The NWS warned of "structural damage to buildings, with many washing away" as well as winds that could bring "widespread power and communication outages." Flooding rains could cause "numerous road and bridge closures with some weakened or washed out" along with "some structures becoming uninhabitable or washed away."
Rainfall accumulation during the storm may total 8 to 16 inches from southeast Louisiana to southern Mississippi through Monday, with isolated amounts of 20 inches possible, the NHC said.
In anticipation of the storm, airlines canceled all flights arriving to and leaving from Louis Armstrong New Orleans International Airport on Sunday, the airport said.
In Mississippi, at least 15 school districts and universities will be closed Monday, with the majority of schools announcing plans to resume classes on Tuesday, pending the weather forecast.
Additionally, a dozen casinos along Mississippi's Gulf Coast have shuttered ahead of the hurricane's projected landfall. Most casinos closed either Saturday afternoon or by Saturday night and announced plans to reopen Tuesday.
Region prepares as landfall approaches
Residents in the area are quickly running out of time to leave, and those who have not departed in time should work to find a safe place to hunker down.
New Orleans Mayor LaToya Cantrell on Saturday said that if people plan to voluntarily evacuate -- which she recommends -- it was time to go.
"Time is not on our side. It's just rapidly growing, it's intensifying," the mayor said. "If you're voluntarily evacuating our city, now is the time to leave -- you need to do so immediately, if you're planning to ride it out again make sure that you're able to hunker down."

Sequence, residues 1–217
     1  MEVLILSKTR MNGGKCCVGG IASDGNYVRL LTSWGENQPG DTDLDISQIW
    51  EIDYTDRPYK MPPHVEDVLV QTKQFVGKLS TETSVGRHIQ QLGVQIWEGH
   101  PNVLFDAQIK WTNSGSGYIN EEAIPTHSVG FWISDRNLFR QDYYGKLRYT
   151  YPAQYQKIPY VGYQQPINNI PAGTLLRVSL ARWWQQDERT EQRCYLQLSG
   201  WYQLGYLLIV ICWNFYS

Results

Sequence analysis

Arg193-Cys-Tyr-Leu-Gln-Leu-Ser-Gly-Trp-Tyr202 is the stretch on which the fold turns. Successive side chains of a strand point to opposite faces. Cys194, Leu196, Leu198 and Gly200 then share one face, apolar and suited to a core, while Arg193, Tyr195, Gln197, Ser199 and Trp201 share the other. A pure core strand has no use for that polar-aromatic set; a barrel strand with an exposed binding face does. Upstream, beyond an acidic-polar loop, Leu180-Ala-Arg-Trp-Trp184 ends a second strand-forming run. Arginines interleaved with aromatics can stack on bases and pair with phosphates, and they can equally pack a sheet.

Cantrell on Friday evening announced that the National Weather Service and Gov. John Bel Edwards said there was no time for the city to issue a mandatory evacuation for areas inside the levee system.
Jefferson Parish Sheriff Joseph Lopinto said Friday that once the storm starts, people need to stay off the roads to protect first responders.
As the storm approached, mandatory evacuations were ordered for parts of at least seven Louisiana parishes as well as the towns of Grande Isle and Port Fourchon. Voluntary evacuations were issued in six parishes.
Jefferson Parish President Cynthia Lee Sheng urged on Saturday for residents in low-lying areas to evacuate before Hurricane Ida hits, as the expected storm surge is "unsurvivable."
"I want to reiterate the storm surge that we are expecting is unsurvivable," she said, adding that the storm is expected to linger over the area. "We need you to leave immediately."
The storm will further strain resources already stretched thin in the midst of the latest Covid-19 pandemic surge. Hospitals in New Orleans will not evacuate and instead shelter in place while Ida makes its way through the region, city health department director Dr. Jennifer Avegno said.
"I would ask our residents, if you do not need to go to the hospital this weekend, if you do not have a life-threatening emergency, please do not go," Avegno said. "This is not the time to go to the hospital for a routine thing that could wait until later."